US Christopher Cantwell denied bond on Charlottesville charges

04:40  01 september  2017
04:40  01 september  2017 Source:   New York Daily News

UVA Police Issue Warrants for White Nationalist Figure Cantwell

  UVA Police Issue Warrants for White Nationalist Figure Cantwell University of Virginia police said Tuesday it has issued warrants for Christopher Cantwell, a white nationalist figure, over a Charlottesville incident.The University of Virginia Police Department on Tuesday said it has obtained warrants against Christopher Cantwell, one of the people at a white nationalist/pro-Confederacy rally that turned deadly in Charlottesville last week.

Spidey Abby 🕷 @AbbyMoyer97 🔁 Update: Christopher Cantwell has turned himself In for # Charlottesville crimes refinery29.com. Mel Stanfill @melstanfill 🔁JUST IN: Christopher Cantwell denied bond on 3 felony charges stemming from Aug 11 torch-lit march at UVA.

Christopher Cantwell was reportedly wanted on three felony charges regarding the recent unrest in Charlottesville . Cantwell is reportedly being held at the Blue Ridge Regional Jail in Lynchburg without bond after turning himself in.

Christopher Cantwell was featured in a Vice documentary attending a white nationalist rally in Charlottesville, Va. - AP © Provided by New York Daily News Christopher Cantwell was featured in a Vice documentary attending a white nationalist rally in Charlottesville, Va. - AP A white supremacist made infamous at the Charlottesville “alt-right” rally has been denied bond by a Virginia court.

Christopher Cantwell, a New Hampshire-based “ethno state” supporter, faces charges of illegal use of a gas and malicious bodily injury after attending the chaotic Unite the Right event that turned deadly earlier this month.

The charges stem from the 36-year-old’s use of pepper spray on counter-protesters, which he says was in self-defense.

Sanders: Trump not condemning Nazis is worse than Charlottesville rally

  Sanders: Trump not condemning Nazis is worse than Charlottesville rally Sen. Bernie Sanders (I-Vt.) slammed President Trump over his comments last week blaming both sides for the violence at Charlottesville, Va., saying his remarks were "worse" than the rally itself."What we saw last week with Nazis and anti-Semites marching in Virginia was upsetting to all of us. The word that kept coming up was 'scary,'" Sanders said, according to the Detroit Free Press. "But what was even worse - what we've never seen before - is a president who could not condemn Nazism in the strongest possible words.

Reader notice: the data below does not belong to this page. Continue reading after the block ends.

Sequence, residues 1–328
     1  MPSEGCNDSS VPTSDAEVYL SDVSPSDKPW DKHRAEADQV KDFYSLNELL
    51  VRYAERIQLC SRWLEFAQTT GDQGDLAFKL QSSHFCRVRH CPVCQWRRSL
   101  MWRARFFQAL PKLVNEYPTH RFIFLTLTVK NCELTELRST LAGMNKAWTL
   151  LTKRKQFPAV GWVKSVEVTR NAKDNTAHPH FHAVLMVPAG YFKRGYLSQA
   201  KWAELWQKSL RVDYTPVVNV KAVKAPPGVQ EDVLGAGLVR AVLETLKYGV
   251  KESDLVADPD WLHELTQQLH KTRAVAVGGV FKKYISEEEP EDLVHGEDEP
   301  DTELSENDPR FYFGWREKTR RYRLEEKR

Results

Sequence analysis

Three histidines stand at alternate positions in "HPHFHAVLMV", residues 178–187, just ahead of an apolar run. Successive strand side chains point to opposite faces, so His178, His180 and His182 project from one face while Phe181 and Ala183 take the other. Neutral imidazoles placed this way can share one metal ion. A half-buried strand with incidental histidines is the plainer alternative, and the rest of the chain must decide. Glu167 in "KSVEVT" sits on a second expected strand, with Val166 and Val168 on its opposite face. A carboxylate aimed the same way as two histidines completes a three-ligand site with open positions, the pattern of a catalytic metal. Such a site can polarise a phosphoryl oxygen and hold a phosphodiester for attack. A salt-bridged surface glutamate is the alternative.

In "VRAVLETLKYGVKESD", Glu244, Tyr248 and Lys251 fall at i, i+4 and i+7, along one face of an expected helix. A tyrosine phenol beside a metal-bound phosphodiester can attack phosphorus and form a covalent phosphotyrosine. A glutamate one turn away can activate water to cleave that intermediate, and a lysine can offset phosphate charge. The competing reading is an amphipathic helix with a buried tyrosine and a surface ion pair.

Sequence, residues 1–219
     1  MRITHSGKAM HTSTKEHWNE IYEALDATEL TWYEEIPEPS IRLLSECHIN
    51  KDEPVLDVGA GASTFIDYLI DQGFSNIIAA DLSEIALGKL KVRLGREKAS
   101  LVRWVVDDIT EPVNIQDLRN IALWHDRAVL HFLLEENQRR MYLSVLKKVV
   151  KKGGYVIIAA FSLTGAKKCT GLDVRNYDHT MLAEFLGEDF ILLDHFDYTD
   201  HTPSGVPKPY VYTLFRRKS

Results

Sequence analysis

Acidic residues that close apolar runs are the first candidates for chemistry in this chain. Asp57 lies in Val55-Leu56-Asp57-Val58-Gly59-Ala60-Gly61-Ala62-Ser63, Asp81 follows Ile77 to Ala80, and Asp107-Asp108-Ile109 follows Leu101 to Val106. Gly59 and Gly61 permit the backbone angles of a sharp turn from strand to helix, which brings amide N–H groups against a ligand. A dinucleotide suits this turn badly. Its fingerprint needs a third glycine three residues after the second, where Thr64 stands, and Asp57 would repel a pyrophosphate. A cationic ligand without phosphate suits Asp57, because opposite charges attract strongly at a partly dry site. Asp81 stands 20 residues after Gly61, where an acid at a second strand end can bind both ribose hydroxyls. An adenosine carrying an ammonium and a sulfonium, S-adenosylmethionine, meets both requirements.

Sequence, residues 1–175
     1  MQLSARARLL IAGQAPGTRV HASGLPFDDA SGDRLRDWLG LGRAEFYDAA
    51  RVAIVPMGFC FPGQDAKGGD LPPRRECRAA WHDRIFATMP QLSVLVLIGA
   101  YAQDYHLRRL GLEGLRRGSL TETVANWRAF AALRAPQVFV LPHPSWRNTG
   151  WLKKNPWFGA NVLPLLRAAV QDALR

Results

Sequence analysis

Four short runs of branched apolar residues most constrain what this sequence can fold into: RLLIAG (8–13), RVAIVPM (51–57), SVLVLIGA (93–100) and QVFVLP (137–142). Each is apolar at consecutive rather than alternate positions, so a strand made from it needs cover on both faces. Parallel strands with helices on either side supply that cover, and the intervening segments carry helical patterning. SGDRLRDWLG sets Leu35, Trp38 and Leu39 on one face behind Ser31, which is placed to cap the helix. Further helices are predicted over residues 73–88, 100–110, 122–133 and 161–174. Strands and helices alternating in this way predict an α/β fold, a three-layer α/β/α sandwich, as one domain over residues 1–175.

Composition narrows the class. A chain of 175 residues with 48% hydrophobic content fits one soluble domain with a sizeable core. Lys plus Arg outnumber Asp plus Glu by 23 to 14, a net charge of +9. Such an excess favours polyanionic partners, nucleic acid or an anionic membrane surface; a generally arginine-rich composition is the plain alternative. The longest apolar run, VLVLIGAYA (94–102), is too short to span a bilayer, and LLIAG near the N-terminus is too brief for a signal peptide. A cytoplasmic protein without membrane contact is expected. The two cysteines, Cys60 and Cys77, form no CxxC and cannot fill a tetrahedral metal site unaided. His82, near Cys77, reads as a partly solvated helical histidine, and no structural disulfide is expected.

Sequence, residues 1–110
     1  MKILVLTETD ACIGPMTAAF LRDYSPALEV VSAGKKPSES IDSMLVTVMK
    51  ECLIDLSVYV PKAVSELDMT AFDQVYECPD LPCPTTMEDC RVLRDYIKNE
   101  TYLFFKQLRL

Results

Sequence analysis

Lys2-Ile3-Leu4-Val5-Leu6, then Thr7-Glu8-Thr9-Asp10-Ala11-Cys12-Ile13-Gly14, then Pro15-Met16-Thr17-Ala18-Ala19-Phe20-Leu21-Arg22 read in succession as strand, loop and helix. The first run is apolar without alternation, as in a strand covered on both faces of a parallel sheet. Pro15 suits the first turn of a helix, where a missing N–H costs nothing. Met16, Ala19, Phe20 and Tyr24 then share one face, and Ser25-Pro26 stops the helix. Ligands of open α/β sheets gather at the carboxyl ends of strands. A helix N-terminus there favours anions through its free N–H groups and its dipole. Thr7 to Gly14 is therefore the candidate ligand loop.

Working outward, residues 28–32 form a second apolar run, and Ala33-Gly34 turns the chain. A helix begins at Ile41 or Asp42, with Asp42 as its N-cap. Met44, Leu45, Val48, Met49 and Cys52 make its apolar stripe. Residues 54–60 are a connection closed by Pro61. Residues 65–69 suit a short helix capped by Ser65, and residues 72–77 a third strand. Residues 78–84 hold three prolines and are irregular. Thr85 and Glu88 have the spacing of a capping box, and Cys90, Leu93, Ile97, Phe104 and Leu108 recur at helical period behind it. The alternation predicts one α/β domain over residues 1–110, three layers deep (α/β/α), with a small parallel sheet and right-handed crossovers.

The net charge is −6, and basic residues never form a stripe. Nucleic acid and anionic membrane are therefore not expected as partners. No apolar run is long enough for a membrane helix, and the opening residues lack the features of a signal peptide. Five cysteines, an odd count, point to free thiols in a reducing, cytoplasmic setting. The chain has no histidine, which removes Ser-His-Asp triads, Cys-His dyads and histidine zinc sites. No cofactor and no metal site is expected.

Police say Cantwell used pepper spray against a counter-protester, a charge Cantwell has admitted to but claims he Cantwell went before a judge in Albemarle General District Court Thursday morning, and the judge denied bond . Alt-Right Charlottesville Christopher Cantwell White Supremacy.

Christopher Cantwell was denied bond Thursday and will remain in custody at the Albemarle- Charlottesville Regional Jail. Cantwell was wanted on three felony charges : Two counts of the illegal use of tear gas or other gases and one count of malicious bodily injury with a “caustic

He was granted a $25,000 bond on Thursday, though a judge reversed the decision and denied his potential release after prosecutors appealed, according to The Daily Progress.

Cantwell, heavily featured in a viral VICE documentary from Charlottesville, was given the internet nickname “the crying Nazi” after he posted a video of himself breaking down while discussing his potential arrest on the charges.

He told the Daily Beast from jail that he takes issue with the name and said “one minute I’m a f---ing white supremacist and the next minute I’m a f---ing crybaby”

“I’m a godd---n human being,” he said.

Cantwell was banned from sites including Facebook after the VICE film, where he said that he did not start fights but “we’ll f---ing kill these people if we have to.”

Judge to hear arguments in Charlottesville monument case .
A judge in Virginia is set to hear arguments in a lawsuit over Charlottesville's decision to remove a statue of Confederate Gen. Robert E. Lee.Attorneys for both sides will be in court Friday for a hearing on whether the lawsuit should proceed. The city has asked that it be dismissed.A group of plaintiffs that includes area residents and the Virginia division of the Sons of Confederate Veterans sued after Charlottesville's City Council voted earlier this year to remove the statue. They say that decision violates a state law on memorials for war veterans.The controversy sparked the Aug.

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